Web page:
25 Cities Where You Don’t Want to Get Sick

Print Email

Source: Thinkstock

20. Fort Smith, AR-OK
> 30 day readmission rate: 15.8% (highest 25%)
> 30 day mortality rate: 13.4%
> Preventable hospitalizations: 69.6 per 1,000 patients (highest 10%)
> No. of physicians: 74.6 per 100,000
> Median household income: $40,970 (lowest 10%)

Access to hospital care, as indicated by health insurance coverage rates, actually tends to be relatively good across the 25 cities with the worst-rated hospitals. But not in the Fort Smith metro area, where 12.4% of residents do not have health insurance, one of the highest uninsured rates in the nation. Area residents are not especially wealthy. The typical household earns $40,970 annually, and the poverty rate of 18.2% is among the higher poverty rates of all U.S. metros. Unstable financial situations can exacerbate health conditions and increase the risk of future diagnoses. Among other adverse health outcomes, the obesity rate in Fort Smith of 36.2% is 10th highest in the nation.

Source: Thinkstock

19. Vineland-Bridgeton, NJ
> 30 day readmission rate: 16.5% (highest 10%)
> 30 day mortality rate: 13.0%
> Preventable hospitalizations: 63.8 per 1,000 patients (highest 25%)
> No. of physicians: 48.1 per 100,000 (lowest 25%)
> Median household income: $49,110

The likelihood of dying during the 30 days after being admitted to a hospital in the Vineland-Bridgeton metro area is only slightly higher than the national average 30-day mortality rate of 12.7%. However, the likelihood of being readmitted during this window, which all things equal should not occur after receiving optimal hospital care, is in the highest 10% of all metro areas.

Recent research by the Association of American Medical Colleges and other organizations has revealed a growing doctor shortage in the United States. The ratio of primary care physicians per population is in some regions considerably lower than it is nationwide, particularly in metro areas with low-rated hospitals. The Vineland-Bridgeton area is one such case. There are 48 doctors per 100,000 area residents, versus the average of 76 doctors per 100,000 people nationwide.

Source: DM / Flickr

18. Morristown, TN
> 30 day readmission rate: 15.4%
> 30 day mortality rate: 14.0% (highest 25%)
> Preventable hospitalizations: 69.3 per 1,000 patients (highest 10%)
> No. of physicians: 49.7 per 100,000 (lowest 25%)
> Median household income: $44,348 (lowest 25%)

Avoidable hospitalizations and readmissions happen more often when mistakes are made. And mistakes are made more often at hospitals operating under resource, staffing, and other constraints. The proportion of doctors to area residents can therefore help explain the area’s poor hospital ratings. In the case of Morristown, there are fewer than 50 primary care physicians for every 100,000 people, a considerably lower ratio than the average of 76 doctors per 100,000 people nationwide. The low concentration of doctors is likely contributing to the high unnecessary hospitalization rate in the area. With 70 hospitalizations out of every 1,000 considered unnecessary, the area is among the worst 10% in the metric.

As is the case in nearly all of the metro areas with the worst-rated hospitals, the Morristown median household income of $44,348 a year is well below the national income level.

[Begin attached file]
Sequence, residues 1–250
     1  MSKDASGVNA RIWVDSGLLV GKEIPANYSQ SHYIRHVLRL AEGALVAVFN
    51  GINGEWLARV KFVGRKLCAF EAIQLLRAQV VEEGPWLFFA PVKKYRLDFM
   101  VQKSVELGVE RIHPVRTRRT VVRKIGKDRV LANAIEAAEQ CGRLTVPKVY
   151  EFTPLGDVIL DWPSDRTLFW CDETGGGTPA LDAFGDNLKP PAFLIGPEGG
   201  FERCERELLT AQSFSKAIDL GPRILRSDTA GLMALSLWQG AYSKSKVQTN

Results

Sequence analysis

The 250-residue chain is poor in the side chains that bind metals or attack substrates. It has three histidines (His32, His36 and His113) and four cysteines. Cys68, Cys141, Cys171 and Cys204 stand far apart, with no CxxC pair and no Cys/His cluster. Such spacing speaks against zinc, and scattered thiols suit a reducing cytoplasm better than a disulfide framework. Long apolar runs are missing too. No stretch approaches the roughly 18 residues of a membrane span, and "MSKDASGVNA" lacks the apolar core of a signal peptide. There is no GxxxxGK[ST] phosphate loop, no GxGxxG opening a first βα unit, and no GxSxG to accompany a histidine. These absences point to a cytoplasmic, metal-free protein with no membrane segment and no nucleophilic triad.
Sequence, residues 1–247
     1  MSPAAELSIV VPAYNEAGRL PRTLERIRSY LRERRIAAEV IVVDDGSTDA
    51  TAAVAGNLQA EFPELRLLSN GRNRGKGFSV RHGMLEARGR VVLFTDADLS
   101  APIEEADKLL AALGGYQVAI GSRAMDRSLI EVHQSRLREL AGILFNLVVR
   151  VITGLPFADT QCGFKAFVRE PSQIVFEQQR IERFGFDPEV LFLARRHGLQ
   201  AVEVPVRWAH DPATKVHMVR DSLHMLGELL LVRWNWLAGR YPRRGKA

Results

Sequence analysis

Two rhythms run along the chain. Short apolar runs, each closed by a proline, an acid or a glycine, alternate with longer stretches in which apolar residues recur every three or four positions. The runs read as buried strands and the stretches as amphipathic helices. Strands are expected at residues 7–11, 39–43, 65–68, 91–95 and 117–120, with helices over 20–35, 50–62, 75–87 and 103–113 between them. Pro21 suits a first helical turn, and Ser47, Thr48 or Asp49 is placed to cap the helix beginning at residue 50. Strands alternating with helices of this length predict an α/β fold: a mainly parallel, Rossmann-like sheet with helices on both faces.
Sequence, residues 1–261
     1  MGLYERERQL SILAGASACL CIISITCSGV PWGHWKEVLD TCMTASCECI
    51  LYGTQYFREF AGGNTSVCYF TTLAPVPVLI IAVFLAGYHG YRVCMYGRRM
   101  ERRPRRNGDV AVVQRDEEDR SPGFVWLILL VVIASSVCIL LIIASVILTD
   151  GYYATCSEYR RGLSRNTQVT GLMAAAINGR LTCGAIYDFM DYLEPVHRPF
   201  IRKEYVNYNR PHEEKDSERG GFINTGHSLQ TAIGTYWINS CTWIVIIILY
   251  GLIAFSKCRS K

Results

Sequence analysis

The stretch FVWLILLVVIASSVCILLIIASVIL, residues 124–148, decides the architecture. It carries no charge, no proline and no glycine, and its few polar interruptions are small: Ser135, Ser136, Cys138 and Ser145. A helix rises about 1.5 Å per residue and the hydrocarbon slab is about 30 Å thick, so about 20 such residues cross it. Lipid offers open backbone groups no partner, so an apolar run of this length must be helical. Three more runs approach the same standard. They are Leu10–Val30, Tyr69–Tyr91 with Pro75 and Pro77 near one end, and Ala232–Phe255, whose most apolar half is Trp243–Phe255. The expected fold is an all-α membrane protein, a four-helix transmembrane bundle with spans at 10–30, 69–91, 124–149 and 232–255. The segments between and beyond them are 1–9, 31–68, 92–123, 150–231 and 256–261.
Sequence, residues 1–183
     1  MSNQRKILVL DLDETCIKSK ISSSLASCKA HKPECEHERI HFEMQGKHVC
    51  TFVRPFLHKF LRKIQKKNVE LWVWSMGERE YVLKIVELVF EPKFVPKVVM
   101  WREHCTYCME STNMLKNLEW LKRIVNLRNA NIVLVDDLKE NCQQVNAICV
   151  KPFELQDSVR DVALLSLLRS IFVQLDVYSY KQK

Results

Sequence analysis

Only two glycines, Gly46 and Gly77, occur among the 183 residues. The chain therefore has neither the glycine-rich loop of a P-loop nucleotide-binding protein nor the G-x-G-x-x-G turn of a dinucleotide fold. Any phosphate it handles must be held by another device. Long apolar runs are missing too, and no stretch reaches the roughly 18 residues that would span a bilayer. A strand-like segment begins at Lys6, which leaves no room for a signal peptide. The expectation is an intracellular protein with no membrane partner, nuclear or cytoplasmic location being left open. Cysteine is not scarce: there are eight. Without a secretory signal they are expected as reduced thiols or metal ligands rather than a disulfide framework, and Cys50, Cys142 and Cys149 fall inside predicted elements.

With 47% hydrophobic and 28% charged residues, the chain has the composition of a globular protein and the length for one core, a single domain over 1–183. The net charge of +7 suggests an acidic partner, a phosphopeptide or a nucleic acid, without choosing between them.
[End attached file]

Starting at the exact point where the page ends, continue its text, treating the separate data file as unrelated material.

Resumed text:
Source: Thinkstock

17. Sioux City, IA-NE-SD
> 30 day readmission rate: 15.3%
> 30 day mortality rate: 15.1% (highest 10%)
> Preventable hospitalizations: 47.2 per 1,000 patients
> No. of physicians: 54.0 per 100,000 (lowest 25%)
> Median household income: $56,687

High-income individuals tend to be better able to carry out doctor’s orders, be it exercise, food, or medicine. They are also more often served by higher-rated, better funded hospitals. Sioux City is somewhat of an exception, with the typical household earning $56,687 annually, in line with the national income level of $57,617. Yet, according to one gauge of hospital quality, 15.1% of patients die within 30 days of being admitted to Sioux City area hospitals — one of the highest such percentages of all metro areas.

As is common in metro areas with poorly-rated hospitals, there are only 54 primary care physicians per 100,000 area residents, well below the average nationwide. However, not all medical professionals are not in short supply in Morristown. For every 100,000 people in Sioux City, there are 144 dentists and 390 mental health providers, considerably higher proportions than the national ones of 66 dentists and 200 mental health providers per 100,000 people.

Source: Thinkstock

16. Fresno, CA
> 30 day readmission rate: 16.2% (highest 10%)
> 30 day mortality rate: 14.1% (highest 25%)
> Preventable hospitalizations: 42.9 per 1,000 patients
> No. of physicians: 66.0 per 100,000
> Median household income: $48,715

The prevalence of low-income areas on this list suggests that CMS hospital quality assessments may be unfairly penalizing hospitals serving poor communities. Because many low-income patients may struggle to carry out a doctor’s orders — purchasing often expensive medications, for example — unplanned readmissions, deaths, and preventable hospitalizations may, in some cases, not be avoidable with hospital care alone. These scenarios may arise more frequently in the Fresno metro area than elsewhere, as more than 25% of area residents live in poverty. The incidence of preventable hospitalization, at 43 per 1,000 patients, is below the national average, but the 30-day readmission rate of 16.2% of patients is among the higher such figures nationwide. On the other hand, while low-income populations tend to report higher rates of certain adverse health outcomes, Fresno’s obesity rate of 26.3% is one of the lowest in the country.